At the mention of Adam and Eve it is common to think immediately of the fall, but in this Catholic Bytes episode we look at the more romantic side of things. The love between Adam and Eve can be called the first romance because it was the first human love. The human heart longs to give itself fully to another, and this desire mirrors the continuous donation of love found within the Trinity. Hear Fr. Mark Baumgarten explain this first love story and how everyone is still called to self donation today.
God asks Abraham to sacrifice his only begotten son, but how can a good God demand such a sacrifice? The story of Abraham and Isaac illustrates the great faith and trust of Abraham while also foreshadowing the ultimate sacrifice found in Christ.
Everyday we are tempted to turn away from God for passing goods, but how can we fight against sin and focus our time on strengthening our relationship with the Lord? Practical steps in prayer, confession, fasting and forming good relationships offers us the opportunity to not only avoid sin, but to thrive in our relationship with God.
- Book (available online): The Gospel of Matthew, in particular The Sermon on the Mount, chs. 5-7 (http://www.usccb.org/bible/matthew/5)
- Church Document: John Paul II, Veritatis Splendor, in particular Ch. 1 (http://w2.vatican.va/content/john-paul-ii/en/encyclicals/documents/hf_jp-ii_enc_06081993_veritatis-splendor.html)
- Book (available online): St. Catherine of Siena, Letters (http://www.drawnbylove.com/Scudder%20letters.htm)
Being made in the image and likeness of God; what does that really mean? Fr. Garrett Nelson explains how man and woman, through living out their vocation to love in relationship to one another, come to a deeper understanding of being created in God’s image and obtaining a greater likeness throughout life.
Love your enemies. This teaching is one of Christianity’s greatest contributions to humanity. When Christians truly love, those who were once enemies become siblings. The response of the Coptic Christians towards the ISIS executioners who martyred 21 people in Libya offers a current day testimony of this specifically Christian love.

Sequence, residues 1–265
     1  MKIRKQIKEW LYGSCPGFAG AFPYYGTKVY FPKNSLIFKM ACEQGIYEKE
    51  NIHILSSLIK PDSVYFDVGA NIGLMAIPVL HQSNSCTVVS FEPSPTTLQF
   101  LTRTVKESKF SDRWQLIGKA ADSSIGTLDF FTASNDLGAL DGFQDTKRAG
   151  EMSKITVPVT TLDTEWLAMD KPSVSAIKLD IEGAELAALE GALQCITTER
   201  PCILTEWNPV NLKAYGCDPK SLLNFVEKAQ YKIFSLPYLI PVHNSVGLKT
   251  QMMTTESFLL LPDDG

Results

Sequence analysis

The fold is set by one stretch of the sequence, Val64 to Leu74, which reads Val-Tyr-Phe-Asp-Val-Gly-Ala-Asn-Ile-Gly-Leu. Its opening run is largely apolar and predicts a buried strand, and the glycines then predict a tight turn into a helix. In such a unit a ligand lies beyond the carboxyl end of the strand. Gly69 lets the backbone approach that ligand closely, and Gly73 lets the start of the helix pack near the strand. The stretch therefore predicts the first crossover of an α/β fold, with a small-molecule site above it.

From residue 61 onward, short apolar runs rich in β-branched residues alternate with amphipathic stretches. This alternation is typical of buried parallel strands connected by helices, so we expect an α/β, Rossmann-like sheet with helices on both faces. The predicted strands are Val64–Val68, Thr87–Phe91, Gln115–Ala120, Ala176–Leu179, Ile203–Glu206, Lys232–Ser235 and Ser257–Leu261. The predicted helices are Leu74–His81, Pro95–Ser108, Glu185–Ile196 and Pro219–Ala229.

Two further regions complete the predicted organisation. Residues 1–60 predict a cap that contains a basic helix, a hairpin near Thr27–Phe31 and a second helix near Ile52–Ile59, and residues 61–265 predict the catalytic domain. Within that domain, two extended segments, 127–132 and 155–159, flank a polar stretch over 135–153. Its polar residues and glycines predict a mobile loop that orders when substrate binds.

For believers, the Universe does not simply serve as God’s beautiful masterpiece readily admired. Instead, it offers powerful arguments that God in fact does exist. Discover key arguments pro- and contra- God’s existence via the Universe and how, fundamentally, denying the former is a denial of logic and scientific evidence.
- Book: Archbishop Michael Sheehan. Apologetics and Catholic Doctrine, 2001.
- Book: Kreeft, Peter & Tacelli, Ronald. Handbook of Christian Apologetics, 1994.
- Book: D’Souza, Dinesh. What’s so Great about Christianity? 2008.
- Online: Dr. William Lane Craig. The Cosmological Argument. http://www.reasonablefaith.org/transcript-kalam-cosmological-argument
In St. Paul’s first letter to the Corinthians we find the scriptural basis for “tradition”, both of which — scripture and tradition — work together to express revelation. Concerning the Institution of the Eucharist, pronounced by Christ at the Last Supper, St. Paul is ‘handing on’ what he has ‘received’. This ‘handing on’ from the beginning is what the Catholic Church holds as tradition.
- Book (and online): Catechism of the Catholic Church, paragraphs 75-79. http://www.vatican.va/archive/ENG0015/__PK.HTM
- Online: The New American Bible. http://www.usccb.org/bible/index.cfm
- Online: Dogmatic Constitution on Divine Revelation (“Dei Verbum”) from the Second Vatican Council. http://www.vatican.va/archive/hist_councils/ii_vatican_council/documents/vat-ii_const_19651118_dei-verbum_en.html
- Online: http://www.catholic.com/tracts/scripture-and-tradition – gives a clear presentation of the Catholic Church’s understanding of Tradition.
‘Apostle of the New Marian Era,’ and great martyr of the 20th c., St. Maximilian Kolbe was a light in heavy darkness. Always with joy, he was ridiculed on the streets of Rome and, ultimately, gave up his life in the Auschwitz camps. Every hero, however, has a secret formula for victory. For St. Max’s, tune in and listen up!
Gregorian Chant is not the only reason St. Pope Gregory the Great earned that title; in fact, it is not for that reason at all. Unravel the story of a man who went from worldly fame, to humble monastery life, to the privileged Bishop of Rome. Now homaged as Doctor of the Church and conferred the title of Great, St. Gregory considered himself no more than “Servus Servorum Dei” – Servant of the servants of God.
- Book: Fr. Christopher Rengers, The 33 Doctors of the Church (Tan)
- Book: Eamon Duffy, Saints and Sinners: A History of the Popes (Yale University Press)
- Book: R.A. Markus, Gregory the Great and his World (Cambridge University Press)
A discussion regarding the seeming contradiction between God’s divine providence and free will.
- Book (and online): Catechism of the Catholic Church, paragraphs 302-308. http://www.vatican.va/archive/ENG0015/__P19.HTM
- Book: Fr. Jean Baptiste Saint-Jure and St. Claude de la Colombiere. Trustful Surrender to Divine Providence.
- Book: Kreeft, Peter. The God Who Loves You: Love Divine, All Loves Excelling, 2004.